Relocation in Isolation, Reconnection in Solitude


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Relocation in Isolation, Reconnection in Solitude

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When Covid first kicked off, I was in the final months of my undergraduate degree, weeks away from obtaining my B.A. in history from CSU Stanislaus in December 2020. I had made plans to travel and work in Japan, teaching English, doing cultural work, and generally immersing myself into the culture I found so fascinating in my studies. However, the world's shutdown would put an end (or a pause) to this plan. Now working remotely from home, I stayed in my room working on my senior thesis, looking out the window to the often empty street. My family had decided to move, as we had decided years before but loose ends such as my degree were the final threads to be cut. Remote work had given us an unexpected leap in our time-frame, and so in the midst of the Paradise fires, to which I vividly remember the dark orange skies blotting out the sun and the ever present ashy, smoky stench on the air, carried by the warm breeze from the north, we began the process of transitioning our lives to be on the road, and to be resettled in northern Idaho.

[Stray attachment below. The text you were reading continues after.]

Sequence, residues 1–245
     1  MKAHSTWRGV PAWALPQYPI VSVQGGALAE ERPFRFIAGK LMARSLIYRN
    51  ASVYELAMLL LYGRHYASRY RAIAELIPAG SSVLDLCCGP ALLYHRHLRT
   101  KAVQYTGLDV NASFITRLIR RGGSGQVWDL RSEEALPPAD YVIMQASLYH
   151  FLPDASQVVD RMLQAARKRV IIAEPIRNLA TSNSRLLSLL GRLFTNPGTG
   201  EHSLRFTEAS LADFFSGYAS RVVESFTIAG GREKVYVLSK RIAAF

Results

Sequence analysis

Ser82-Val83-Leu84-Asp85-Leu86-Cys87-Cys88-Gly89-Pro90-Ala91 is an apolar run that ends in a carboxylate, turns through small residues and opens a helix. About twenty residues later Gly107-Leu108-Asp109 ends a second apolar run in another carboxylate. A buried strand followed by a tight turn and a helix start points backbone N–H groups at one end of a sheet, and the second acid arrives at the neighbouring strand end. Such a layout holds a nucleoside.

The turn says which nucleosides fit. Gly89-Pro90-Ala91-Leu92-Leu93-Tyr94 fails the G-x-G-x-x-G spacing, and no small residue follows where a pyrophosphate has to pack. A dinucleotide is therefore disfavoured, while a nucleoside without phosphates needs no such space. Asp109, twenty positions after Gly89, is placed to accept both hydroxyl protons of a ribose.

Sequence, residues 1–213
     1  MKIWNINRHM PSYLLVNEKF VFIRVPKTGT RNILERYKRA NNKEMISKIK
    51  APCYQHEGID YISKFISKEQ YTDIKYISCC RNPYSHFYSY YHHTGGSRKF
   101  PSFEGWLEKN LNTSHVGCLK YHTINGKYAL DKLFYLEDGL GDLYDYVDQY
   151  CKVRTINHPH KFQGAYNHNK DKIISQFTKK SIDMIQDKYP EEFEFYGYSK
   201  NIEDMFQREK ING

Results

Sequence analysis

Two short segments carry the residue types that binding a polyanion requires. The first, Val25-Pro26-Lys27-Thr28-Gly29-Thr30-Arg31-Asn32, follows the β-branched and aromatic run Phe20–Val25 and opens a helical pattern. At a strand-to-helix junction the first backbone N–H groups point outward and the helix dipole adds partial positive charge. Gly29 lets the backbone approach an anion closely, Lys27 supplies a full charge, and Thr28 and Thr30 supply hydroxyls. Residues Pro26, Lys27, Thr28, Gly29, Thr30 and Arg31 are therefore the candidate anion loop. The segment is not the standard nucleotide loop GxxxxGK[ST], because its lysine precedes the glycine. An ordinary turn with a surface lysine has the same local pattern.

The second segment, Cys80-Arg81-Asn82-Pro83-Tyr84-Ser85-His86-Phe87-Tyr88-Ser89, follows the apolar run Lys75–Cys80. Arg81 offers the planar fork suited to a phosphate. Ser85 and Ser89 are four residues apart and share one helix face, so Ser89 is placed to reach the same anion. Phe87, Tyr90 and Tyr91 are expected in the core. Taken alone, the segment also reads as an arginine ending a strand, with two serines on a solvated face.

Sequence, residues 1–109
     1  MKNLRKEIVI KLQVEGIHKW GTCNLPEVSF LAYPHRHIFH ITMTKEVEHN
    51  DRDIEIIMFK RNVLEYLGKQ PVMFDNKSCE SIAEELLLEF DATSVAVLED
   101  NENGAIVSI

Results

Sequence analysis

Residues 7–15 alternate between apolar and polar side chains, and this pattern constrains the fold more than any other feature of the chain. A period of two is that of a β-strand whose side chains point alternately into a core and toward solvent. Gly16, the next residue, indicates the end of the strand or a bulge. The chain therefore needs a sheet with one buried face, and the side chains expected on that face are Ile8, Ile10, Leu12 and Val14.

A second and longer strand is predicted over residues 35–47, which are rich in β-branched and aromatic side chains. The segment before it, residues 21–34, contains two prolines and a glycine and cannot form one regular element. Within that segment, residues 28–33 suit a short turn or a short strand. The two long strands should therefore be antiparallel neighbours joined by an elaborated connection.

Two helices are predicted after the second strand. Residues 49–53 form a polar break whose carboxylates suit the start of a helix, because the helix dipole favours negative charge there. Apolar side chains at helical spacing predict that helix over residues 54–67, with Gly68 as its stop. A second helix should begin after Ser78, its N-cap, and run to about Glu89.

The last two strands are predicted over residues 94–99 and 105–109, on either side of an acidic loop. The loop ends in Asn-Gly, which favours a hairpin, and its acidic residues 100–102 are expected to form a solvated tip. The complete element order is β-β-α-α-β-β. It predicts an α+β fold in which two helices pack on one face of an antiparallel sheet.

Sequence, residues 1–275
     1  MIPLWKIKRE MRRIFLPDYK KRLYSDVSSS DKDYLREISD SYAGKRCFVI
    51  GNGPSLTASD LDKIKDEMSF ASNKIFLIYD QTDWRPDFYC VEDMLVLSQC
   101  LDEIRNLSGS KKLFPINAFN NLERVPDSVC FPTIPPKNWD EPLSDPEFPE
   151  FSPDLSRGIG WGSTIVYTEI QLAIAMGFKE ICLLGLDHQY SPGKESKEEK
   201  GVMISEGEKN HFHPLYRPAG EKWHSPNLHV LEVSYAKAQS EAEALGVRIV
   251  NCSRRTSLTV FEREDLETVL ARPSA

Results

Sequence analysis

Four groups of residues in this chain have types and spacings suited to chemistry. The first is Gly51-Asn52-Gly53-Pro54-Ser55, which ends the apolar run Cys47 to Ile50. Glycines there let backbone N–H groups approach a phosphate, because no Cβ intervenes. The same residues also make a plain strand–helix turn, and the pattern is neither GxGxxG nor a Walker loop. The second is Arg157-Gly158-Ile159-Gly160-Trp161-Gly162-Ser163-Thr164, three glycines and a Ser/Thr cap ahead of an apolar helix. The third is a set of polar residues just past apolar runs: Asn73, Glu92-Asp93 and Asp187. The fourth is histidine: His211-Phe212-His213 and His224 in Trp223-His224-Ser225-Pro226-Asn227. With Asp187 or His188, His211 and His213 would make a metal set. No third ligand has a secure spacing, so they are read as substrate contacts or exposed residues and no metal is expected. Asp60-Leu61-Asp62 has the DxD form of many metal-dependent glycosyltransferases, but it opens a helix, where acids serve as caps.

For the next year and a half or so we settled in to our new home, however the world was still largely in lock-down, and so I spent most of my time inside or in the basement where I had set up a study space to finish my senior thesis and to earn my degree through my last online semester. It was a self reflective and solitary time, in which I would often take many breaks to venture out my backdoor, which quite literally lead into the forest. Not fifty feet from my home, we have a circle of trees where we would eventually put a fire pit and often sit around together around the warmth on cold nights, talking and sharing fun with one another. When alone however, it serves as an incredible spot to simply sit back and become immersed into our natural world, an amenity I often take advantage of to this day while working on my M.A. through ASU's online program. This audio recording is a sample of that, and in it, you can hear the spring time birds chirping away, the low rumble of the highway just over the mountain, feel the breeze through the trees and the valleys from the lake, and imagine the smell of pine and flowers on the forest floor.

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This item was submitted on May 26, 2022 by Brendan Sutton using the form “Share Your Story” on the site “A Journal of the Plague Year”:

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